Taxable value of property in Avoyelles increased in 2016

Taxable value of property in Avoyelles Parish increased by about $4 million in 2016 due to the re-assessment of property, Avoyelles Tax Assessor Heath Pastor said.
Pastor served as chief deputy assessor for 16 years and his four-year term as assessor began Jan. 1. He noted that when out-going Assessor Emeric Dupuy and he started their service in the assessor’s office 16 years ago, the taxable value of property in the parish was $63 million.
Property is re-assessed every four years to ensure the tax rolls reflect current market values and to take into consideration any significant changes in a parish or the local economy -- such as the opening or closing of a major manufacturing plant, greater demand for property for development or major disasters that might impact property values, Pastor said.
The total assessed value of property in Avoyelles is almost $201.1 million. The “taxable value,” which excludes homestead exemption on residences, is $140,066,332, Pastor said. The taxable value in 2015 was $136,227,336 while the total assessed value of property was over $196.7 million.
Approximately $1.6 million in property taxes was paid by five entities. Those taxpayers’ property accounts for over 22 percent of the taxable value in the parish.
Cleco is the top taxpayer in the parish at $724,067, with Acadian Gas Pipeline System second at $559,206.
Cleco property’s taxable value is $14,040,480 --more than 10 percent of the parish’s total taxable property value.
Acadian Gas’ taxable value is $10,843,640.
Both utility companies are “public services” and are assessed at 25 percent of their property values.
The other three companies in the “Top 5” are Martineau Petroleum, Union Bank and Kerotest Manufacturing. Each of those pays over $100,000 in property taxes and has assessed values at over $2 million. They, and other business/commercial properties, are assessed at 15 percent of their property’s value.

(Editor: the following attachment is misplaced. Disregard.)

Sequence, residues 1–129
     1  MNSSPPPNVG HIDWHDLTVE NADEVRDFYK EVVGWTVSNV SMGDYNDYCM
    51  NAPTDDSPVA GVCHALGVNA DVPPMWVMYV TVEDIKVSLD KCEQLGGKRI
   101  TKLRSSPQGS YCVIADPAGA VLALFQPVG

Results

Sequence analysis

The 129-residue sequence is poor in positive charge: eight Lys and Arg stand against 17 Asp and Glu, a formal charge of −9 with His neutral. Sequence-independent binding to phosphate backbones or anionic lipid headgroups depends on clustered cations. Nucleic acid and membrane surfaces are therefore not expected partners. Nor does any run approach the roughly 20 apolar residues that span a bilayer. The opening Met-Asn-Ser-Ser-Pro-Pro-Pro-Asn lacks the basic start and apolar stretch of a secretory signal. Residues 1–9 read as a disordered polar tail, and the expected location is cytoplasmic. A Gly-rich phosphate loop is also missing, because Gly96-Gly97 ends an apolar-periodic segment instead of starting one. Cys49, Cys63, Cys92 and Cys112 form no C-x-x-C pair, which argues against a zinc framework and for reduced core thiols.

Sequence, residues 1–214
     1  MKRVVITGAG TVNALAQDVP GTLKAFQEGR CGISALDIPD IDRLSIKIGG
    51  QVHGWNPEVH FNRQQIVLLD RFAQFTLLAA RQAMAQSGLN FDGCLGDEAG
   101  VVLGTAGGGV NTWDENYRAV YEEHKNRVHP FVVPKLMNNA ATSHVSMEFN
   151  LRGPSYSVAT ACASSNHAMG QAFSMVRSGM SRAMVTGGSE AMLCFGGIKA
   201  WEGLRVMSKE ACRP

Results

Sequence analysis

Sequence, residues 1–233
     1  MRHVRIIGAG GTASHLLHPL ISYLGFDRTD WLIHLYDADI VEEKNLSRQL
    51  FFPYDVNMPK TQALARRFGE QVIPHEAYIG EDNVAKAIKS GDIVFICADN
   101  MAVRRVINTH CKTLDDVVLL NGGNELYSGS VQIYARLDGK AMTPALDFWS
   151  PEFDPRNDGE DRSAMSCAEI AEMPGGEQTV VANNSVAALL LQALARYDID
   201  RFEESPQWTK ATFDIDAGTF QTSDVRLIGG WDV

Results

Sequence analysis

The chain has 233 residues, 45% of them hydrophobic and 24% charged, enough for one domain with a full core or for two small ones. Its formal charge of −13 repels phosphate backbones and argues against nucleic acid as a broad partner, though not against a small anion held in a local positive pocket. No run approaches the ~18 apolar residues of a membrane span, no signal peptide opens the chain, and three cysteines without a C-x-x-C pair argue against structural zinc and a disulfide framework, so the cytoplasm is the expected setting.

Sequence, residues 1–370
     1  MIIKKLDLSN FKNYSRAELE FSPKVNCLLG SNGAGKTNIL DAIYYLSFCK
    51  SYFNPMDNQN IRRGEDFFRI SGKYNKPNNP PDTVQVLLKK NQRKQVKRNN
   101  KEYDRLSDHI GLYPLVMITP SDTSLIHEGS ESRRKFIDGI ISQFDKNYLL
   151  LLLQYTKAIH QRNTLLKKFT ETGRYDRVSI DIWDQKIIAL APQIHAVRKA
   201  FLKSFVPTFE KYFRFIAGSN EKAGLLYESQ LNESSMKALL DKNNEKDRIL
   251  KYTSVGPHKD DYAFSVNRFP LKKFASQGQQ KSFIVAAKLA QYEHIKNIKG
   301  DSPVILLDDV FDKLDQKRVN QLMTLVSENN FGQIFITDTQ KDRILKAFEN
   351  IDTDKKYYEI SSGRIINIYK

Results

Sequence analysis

Residential homeowners and agricultural properties are assessed at 10 percent of the home’s value.
Pastor said approximately 25.6 percent of the taxable value of property in the parish is owned by public services. Another 21.8 percent is owned by business/commercial interests. The remaining 52.6 percent are residential and agricultural properties.
If any property owners in Avoyelles are subject to “sticker shock” from their 2016 property tax bills, it would be those in Bunkie.
Pastor said voters approved a 25-mill property tax in 2015 to fund sewer system improvements. That tax came on the rolls this year.
“It is a municipal tax, and municipal taxes are not subject to homestead exemption,” Pastor noted. “That means homeowners will be paying taxes based on the the full taxable value of their homes.”
Property owners in Wards 6,7,8 and 11 -- the new parish Road District 2 -- will see their property taxes increase by about 40 percent later this year, when they get the first tax bill reflecting the recently passed 30-mill tax.
Pastor said that even though that road district tax is not being collected now, the district’s road commission could decide to sell bonds to obtain some operating funds now and pay those bonds off over a year or two, or adopt a pay-as-you-go plan and do work as the tax is collected.

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